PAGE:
At 1998’s Country Radio Seminar (CRS) in Nashville, the annual gathering of DJs and other industry professionals, Keith Urban had been spotlighted during the New Faces show, as part of the trio called The Ranch. A year later, the group was no more but front man, singer and guitarist Keith Urban (or “keith urban,” as he was commonly referred to in print back then) was embarking on a solo career with Nashville‘s Capitol Records. Eighteen years ago today, on October 19th, 1999, Urban released his self-titled debut LP for the label.
In March of 1999, the New Zealand-born Urban was working on the album and playing intimate gigs around town. During CRS that month, he was showcased at an event at Spence Manor, the former four-star hotel – now converted to condos – on Nashville‘s then-bustling Music Row. Standing in front of the guitar-shaped “Webb Pierce pool” beside the historic building – so-called because it was a replica of the original pool on the country music legend’s Nashville property – Urban’s performance of “Shelby County Jail,” of which only half is captured in the above clip, is nothing less than stunning. Coincidentally, 40 years earlier, Pierce had a completely unrelated Top Ten hit with “Tupelo County Jail,” a song he co-wrote with Mel Tillis.
Penned with songwriter Vernon Rust, who co-wrote the bulk of the songs from The Ranch LP with Urban, “Shelby County Jail” was the pair’s first collaboration, written in the kitchen of Urban’s then-home in the Berry Hill section of town. The tune is the story of a man whose winning streak at a Mississippi casino raises the ire of the owner, who dispatches a local sheriff to locate the guy and return him, and his money, to the casino. While this is a seriously impressive performance, during this blistering guitar solo, Urban injects the tune with playful licks from the theme songs for The Pink Panther and The Addams Family. “Shelby County Jail” remains unreleased on any of Urban’s LP, but was an early favorite at his live shows. Vernon Rust has shared the song’s original demo, sung by the future superstar.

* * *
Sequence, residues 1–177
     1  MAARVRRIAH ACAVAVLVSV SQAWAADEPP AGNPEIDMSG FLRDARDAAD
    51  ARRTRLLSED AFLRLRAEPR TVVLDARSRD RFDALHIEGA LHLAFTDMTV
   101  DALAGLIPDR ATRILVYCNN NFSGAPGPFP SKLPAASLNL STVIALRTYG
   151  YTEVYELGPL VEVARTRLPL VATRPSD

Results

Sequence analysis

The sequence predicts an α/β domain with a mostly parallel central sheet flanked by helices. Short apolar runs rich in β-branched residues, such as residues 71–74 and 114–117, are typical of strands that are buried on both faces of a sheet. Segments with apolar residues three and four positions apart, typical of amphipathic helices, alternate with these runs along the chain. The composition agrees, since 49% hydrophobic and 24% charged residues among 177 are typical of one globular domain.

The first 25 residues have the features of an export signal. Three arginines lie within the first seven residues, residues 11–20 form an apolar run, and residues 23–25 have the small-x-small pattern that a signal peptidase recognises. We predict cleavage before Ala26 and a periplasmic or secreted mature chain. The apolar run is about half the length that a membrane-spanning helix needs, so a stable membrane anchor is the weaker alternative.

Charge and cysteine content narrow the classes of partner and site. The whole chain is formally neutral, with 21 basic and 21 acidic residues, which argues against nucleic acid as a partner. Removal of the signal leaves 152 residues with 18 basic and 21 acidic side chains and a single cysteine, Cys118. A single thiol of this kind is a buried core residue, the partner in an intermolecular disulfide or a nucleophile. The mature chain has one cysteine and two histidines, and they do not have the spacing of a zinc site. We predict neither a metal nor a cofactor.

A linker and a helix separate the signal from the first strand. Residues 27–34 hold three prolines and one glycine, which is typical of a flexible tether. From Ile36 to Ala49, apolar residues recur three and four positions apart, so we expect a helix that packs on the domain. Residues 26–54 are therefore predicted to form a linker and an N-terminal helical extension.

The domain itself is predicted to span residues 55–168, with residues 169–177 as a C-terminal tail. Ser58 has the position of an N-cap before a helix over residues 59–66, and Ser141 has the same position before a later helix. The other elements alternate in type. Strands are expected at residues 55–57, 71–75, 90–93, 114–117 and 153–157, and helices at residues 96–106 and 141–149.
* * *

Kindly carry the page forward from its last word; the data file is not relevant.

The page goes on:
Produced by Urban with Matt Rollings, Keith Urban shares its title with a 1991 Australia-only LP by the singer. Four singles were issued from the 1998 album, with three of them, “Your Everything,” “Where the Blacktop Ends” and “But for the Grace of God,” all reaching the Top Five. The latter became Urban’s first Number One single. The album was certified platinum for sales topping one million.